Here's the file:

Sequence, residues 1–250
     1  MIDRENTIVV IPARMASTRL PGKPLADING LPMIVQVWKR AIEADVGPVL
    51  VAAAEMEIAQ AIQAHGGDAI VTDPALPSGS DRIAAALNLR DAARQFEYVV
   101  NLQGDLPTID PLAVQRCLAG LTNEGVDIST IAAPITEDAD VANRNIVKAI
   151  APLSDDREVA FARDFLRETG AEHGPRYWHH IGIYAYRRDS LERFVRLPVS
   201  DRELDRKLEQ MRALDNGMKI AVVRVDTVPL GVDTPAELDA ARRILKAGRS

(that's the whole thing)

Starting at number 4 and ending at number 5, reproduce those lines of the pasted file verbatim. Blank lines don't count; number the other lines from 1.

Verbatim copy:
   101  NLQGDLPTID PLAVQRCLAG LTNEGVDIST IAAPITEDAD VANRNIVKAI
   151  APLSDDREVA FARDFLRETG AEHGPRYWHH IGIYAYRRDS LERFVRLPVS